The usual tri-monthly effort. Spider-Man Team-Up #6 contains two stories by two distinct teams. US$2.99 for total of 64 pages with only a few ads. Worth the three bucks? Read on and see what I thought.
Part One: OK, Hulk is trashing the Avenger's Mansion, and S.H.I.E.L.D. is trying to stop him on principle. By co-incidence, Spider-Man is nearby and tries to stop him on principle. By co-incidence, Aquarian is nearby and tries to stop him, on principle, right? So, Hulk wants some data from the Avenger's computer to save his own life (long story). A Dr. Doom robot is there, trying to get the data. Everybody piles on the robot, but the data gets away, but is destroyed, so Hulk can't get it. By co-incidence. On principle.
Well, that's pretty much it. A poorer example of the comic-bookman's craft you would be hard pushed to find. Not bad, just... well... just not anything really. Kind of like eating soap bubbles, leaving you with nothing to show for it but a bad taste in your mouth and a mild case of indigestion.
How do I know what soap bubbles taste like? Well, let's just mention a heavy drinking session when a bottle of Palmolive looked a lot like Creme De Menthe, and say that it would make a better story than the one I just read.
Creative Team: Larry Hama, Dietrich Smith, Sean Parsons.
Part Two: Dracula is back from the dead. Originally believed destroyed in Dr. Strange #14, it seems that the Lord of Darkness is a little harder to take down for good. Just like a good film, there are stunning locations, beatiful leading ladies, brave heroes, and fifty-odd mutilated bodies littering the scenery.
Peter Parker is snappin' pics of the aforementioned bodies when Dr. Strange turns up. No co-incidences here, Strange is the only man who is up to this kind of task, and with a little help from Spider-Man, they tackle Dracula on the astral and physical planes.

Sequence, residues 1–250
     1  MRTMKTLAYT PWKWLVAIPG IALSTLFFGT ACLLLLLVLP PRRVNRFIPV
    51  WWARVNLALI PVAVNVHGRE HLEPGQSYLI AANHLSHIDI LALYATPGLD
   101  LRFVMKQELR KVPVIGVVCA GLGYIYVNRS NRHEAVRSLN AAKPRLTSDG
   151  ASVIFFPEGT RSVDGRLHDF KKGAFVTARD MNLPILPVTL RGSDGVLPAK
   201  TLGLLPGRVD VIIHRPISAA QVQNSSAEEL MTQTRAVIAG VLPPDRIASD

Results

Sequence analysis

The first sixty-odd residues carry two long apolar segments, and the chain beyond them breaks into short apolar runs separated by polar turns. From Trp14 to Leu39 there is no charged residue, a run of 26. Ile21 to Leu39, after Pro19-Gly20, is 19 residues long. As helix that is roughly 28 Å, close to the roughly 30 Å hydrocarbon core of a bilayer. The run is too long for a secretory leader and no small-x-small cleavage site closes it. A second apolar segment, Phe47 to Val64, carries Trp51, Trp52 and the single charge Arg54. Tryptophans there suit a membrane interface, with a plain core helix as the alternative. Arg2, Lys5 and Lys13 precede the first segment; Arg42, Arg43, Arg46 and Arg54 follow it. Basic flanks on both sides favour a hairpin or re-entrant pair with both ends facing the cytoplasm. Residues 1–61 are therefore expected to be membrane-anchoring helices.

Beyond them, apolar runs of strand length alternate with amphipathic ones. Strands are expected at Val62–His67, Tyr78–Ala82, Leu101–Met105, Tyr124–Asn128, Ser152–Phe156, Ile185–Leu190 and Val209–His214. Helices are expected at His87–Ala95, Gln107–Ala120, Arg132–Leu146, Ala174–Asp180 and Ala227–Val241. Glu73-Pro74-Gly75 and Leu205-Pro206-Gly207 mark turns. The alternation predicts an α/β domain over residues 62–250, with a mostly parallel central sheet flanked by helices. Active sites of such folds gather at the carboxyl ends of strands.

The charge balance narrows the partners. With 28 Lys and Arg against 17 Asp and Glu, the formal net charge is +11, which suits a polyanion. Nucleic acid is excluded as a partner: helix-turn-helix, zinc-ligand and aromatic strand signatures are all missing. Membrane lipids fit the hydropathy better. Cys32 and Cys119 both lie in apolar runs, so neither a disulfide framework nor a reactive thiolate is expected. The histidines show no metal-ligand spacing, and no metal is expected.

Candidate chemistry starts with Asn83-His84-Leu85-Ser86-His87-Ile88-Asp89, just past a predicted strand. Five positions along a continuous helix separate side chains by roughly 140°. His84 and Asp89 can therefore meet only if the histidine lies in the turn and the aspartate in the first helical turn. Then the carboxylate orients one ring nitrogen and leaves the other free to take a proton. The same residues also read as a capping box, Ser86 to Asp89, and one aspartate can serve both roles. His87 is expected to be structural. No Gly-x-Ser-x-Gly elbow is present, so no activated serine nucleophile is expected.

The Dracula story is getting rather cliche'd, and it sure must be hard to make it seem at all fresh. In spite of having less than half the comic to work with, this story manages to pack a couple of new twists, a bit of pathos, some conflict, and half a dozen witty one-liners in to that space without seeming to be working too hard.
Actually, perhaps there were a few too many witty one-liners for comfort. Spider-Man has been in the business for a long time, and I would have thought he would know when a joke is appropriate, and when it might be time to get serious for a moment or two. Still, the storyboarding is masterful, even if the scripting is inappropriately glib at times.
Creative Team: J.M. DeMatteis & Marv Wolfman, Bob McLeod, Tom Palmer.
One respectable work, and one that shot waaaay wide of the mark. Shame, because I really loved Larry Hama's stints on Wolverine's title. Perhaps he was in a real hurry this time - or maybe there are two Larry Hama's in the business right now? Whatever.
One miserably mediocre web for Hama and The Hulk. Four finely furnished webs for the fine friends behind the Dracula story. Worth the three bucks for that alone I would say. Overall, let's call it three.
Just my opinion, mind.